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In May , xenophobic attacks swept through South Africa leaving 62 people dead and 21 of whom were South African citizens. Elitsha spoke to foreign nationals in Port Elizabeth Central to ask whether they feel safe or not. Africa Day is celebrated every 25 May to highlight the importance of unity and brotherhood among people from the continent and in the diaspora.
Various government departments in South Africa do not miss the opportunity to bring together people of diverse cultures to preach peace and unity among Africans. Xenophobia continues to rear its ugly head with the latest media reports about a threatening letter that was sent to foreign owners of shops in KwaMashu, Inanda and Ntuzuma in KwaZulu-Natal. Many immigrants feel happy to honour the day in style while showcasing their cultures and traditions with their South African counterparts.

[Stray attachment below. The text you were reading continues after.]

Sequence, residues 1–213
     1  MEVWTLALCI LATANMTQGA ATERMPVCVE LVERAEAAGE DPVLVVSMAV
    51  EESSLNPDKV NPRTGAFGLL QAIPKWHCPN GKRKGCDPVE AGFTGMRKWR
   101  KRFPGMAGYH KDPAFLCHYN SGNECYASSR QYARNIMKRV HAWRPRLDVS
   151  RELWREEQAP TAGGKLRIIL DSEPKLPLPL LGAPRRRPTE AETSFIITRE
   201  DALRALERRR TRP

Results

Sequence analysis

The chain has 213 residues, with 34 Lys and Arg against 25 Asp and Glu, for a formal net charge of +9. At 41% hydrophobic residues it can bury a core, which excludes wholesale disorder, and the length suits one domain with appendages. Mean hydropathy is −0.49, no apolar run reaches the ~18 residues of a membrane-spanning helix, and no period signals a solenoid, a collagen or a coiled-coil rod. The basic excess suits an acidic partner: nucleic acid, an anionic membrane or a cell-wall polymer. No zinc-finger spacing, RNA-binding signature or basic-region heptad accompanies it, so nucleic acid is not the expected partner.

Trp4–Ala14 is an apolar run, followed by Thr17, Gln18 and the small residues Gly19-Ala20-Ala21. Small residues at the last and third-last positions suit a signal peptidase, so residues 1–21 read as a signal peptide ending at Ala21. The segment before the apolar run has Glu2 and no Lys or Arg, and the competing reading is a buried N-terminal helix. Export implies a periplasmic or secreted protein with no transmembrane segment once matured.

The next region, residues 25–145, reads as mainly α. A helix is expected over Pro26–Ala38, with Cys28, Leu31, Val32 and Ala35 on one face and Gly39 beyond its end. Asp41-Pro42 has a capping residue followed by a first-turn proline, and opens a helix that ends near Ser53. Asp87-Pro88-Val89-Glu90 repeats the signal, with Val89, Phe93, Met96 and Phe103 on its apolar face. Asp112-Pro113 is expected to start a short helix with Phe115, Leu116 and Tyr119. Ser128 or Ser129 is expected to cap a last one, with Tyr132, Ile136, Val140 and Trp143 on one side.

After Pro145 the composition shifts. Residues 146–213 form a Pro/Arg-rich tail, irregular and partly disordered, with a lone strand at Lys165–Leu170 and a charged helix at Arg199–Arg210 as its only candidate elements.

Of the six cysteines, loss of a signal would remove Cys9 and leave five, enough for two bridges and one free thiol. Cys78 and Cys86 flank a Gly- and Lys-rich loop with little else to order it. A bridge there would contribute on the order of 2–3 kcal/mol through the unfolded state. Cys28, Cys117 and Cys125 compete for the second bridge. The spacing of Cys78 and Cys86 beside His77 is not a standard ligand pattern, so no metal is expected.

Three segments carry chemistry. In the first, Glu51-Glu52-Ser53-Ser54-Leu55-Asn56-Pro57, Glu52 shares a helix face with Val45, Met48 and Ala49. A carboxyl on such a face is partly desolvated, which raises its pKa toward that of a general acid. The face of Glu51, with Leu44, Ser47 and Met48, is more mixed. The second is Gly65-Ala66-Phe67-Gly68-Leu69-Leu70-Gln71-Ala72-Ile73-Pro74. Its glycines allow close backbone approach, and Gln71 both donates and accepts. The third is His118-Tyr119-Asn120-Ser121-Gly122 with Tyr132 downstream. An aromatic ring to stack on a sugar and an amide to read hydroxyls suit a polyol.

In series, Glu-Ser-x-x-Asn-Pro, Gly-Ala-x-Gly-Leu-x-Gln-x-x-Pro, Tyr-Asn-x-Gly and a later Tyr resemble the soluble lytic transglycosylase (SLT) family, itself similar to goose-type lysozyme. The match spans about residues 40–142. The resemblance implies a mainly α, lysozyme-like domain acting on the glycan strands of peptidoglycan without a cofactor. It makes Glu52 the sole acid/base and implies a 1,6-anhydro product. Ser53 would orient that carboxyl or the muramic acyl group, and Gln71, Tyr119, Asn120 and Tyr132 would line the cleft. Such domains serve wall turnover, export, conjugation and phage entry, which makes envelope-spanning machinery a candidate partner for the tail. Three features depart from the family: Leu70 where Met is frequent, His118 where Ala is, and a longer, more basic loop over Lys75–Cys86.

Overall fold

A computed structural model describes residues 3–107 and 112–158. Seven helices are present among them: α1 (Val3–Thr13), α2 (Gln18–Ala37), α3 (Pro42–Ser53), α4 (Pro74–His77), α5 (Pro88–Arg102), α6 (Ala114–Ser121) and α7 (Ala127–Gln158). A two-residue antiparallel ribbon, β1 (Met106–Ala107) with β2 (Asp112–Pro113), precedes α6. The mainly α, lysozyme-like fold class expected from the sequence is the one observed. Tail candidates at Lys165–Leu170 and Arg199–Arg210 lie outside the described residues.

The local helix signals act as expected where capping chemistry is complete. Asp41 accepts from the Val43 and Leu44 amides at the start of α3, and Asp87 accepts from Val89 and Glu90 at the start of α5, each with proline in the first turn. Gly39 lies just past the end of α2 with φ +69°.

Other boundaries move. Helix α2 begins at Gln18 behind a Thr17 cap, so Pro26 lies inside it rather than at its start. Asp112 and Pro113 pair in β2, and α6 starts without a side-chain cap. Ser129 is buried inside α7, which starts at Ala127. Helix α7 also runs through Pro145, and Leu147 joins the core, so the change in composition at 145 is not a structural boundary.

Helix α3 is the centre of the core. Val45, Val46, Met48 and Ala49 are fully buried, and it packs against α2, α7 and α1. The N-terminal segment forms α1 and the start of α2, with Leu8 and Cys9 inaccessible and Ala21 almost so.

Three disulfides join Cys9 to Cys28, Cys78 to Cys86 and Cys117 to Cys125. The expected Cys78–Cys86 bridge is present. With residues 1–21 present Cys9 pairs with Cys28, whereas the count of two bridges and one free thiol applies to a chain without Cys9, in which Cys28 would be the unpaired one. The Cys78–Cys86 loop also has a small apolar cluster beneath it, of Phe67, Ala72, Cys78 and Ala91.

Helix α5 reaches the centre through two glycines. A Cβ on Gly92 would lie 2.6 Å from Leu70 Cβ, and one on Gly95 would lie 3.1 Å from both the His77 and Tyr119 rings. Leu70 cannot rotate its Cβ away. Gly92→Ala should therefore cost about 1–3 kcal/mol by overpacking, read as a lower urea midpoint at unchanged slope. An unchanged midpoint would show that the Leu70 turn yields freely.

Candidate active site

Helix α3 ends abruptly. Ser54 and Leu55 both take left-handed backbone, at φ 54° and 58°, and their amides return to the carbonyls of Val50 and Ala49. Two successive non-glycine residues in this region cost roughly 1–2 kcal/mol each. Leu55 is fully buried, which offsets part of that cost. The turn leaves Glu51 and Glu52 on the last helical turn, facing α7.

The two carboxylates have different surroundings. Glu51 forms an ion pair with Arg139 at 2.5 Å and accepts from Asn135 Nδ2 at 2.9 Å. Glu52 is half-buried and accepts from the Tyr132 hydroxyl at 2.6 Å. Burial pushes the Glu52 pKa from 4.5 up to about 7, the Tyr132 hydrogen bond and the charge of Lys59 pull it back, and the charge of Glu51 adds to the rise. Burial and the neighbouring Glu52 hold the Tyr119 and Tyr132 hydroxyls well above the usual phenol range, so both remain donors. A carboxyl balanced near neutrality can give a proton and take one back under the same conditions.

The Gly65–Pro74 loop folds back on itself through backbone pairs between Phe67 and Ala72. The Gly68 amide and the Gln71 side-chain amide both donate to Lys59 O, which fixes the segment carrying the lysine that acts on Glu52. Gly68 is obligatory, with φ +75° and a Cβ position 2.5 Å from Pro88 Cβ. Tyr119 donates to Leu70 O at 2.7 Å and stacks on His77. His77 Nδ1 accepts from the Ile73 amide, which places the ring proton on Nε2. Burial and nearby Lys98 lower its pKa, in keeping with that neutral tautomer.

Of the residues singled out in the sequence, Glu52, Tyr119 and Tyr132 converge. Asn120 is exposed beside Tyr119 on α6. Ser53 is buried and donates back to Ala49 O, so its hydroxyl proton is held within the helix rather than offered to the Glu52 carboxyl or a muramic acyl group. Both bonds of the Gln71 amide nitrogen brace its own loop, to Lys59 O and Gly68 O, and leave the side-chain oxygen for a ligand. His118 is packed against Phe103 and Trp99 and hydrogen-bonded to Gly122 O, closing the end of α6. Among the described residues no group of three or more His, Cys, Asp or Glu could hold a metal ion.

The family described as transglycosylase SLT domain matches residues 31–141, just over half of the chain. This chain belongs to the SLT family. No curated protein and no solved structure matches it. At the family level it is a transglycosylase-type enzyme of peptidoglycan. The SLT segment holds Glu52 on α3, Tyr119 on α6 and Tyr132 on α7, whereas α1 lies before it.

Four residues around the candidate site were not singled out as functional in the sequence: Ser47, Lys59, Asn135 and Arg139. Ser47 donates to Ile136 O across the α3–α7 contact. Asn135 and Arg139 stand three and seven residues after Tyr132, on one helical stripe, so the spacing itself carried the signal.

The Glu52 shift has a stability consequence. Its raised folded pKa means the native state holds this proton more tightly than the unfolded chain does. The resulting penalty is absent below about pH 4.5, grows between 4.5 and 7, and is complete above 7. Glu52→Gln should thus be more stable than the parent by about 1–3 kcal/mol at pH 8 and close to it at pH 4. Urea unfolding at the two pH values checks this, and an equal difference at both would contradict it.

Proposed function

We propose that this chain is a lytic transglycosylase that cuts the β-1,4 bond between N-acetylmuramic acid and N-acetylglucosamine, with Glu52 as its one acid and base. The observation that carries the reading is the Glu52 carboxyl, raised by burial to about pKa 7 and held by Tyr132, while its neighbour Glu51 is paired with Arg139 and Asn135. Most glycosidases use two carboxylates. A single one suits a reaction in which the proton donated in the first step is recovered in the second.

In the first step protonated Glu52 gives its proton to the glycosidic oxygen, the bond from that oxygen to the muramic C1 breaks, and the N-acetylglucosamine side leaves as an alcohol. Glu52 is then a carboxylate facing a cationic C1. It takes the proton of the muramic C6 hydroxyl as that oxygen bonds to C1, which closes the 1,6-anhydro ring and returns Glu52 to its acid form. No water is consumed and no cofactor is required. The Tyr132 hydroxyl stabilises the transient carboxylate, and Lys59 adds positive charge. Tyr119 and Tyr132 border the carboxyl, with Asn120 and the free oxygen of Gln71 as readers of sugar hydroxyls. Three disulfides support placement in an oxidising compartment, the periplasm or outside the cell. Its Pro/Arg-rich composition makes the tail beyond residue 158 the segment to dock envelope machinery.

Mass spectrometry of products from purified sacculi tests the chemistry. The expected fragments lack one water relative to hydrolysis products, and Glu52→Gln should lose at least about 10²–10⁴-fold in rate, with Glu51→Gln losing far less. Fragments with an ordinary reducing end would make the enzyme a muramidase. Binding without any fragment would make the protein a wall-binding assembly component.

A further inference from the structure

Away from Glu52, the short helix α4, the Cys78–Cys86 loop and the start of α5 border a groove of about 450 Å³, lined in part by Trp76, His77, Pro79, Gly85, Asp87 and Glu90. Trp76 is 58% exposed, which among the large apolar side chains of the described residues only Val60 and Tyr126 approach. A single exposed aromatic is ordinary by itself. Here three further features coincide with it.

They say this gesture of friendship and humility inevitably assists in eradicating xenophobic sentiments. Foreigners who live in Port Elizabeth Central said they live in perpetual fear of being attacked by local South Africans.
They attributed this to a long-held notion that drug peddling, human trafficking and prostitution are all carried out in the area by foreign nationals. The concerned foreigners singled out the municipality which they say subtly promotes xenophobia by denying foreign street hawkers operating licenses while issuing these readily to South Africans. I was never attacked but the feeling and the sight of what was happening in other provinces were too much for me and my family.
Many foreigners left their township lodgings and joined the queue to live in town where security was deemed safe. We are being constantly harassed everyday by the locals who accuse us of selling drugs and engaging in prostitution. They also accuse us of bribing the police. Muchada lives in a one-bedroomed flat with her husband and three children.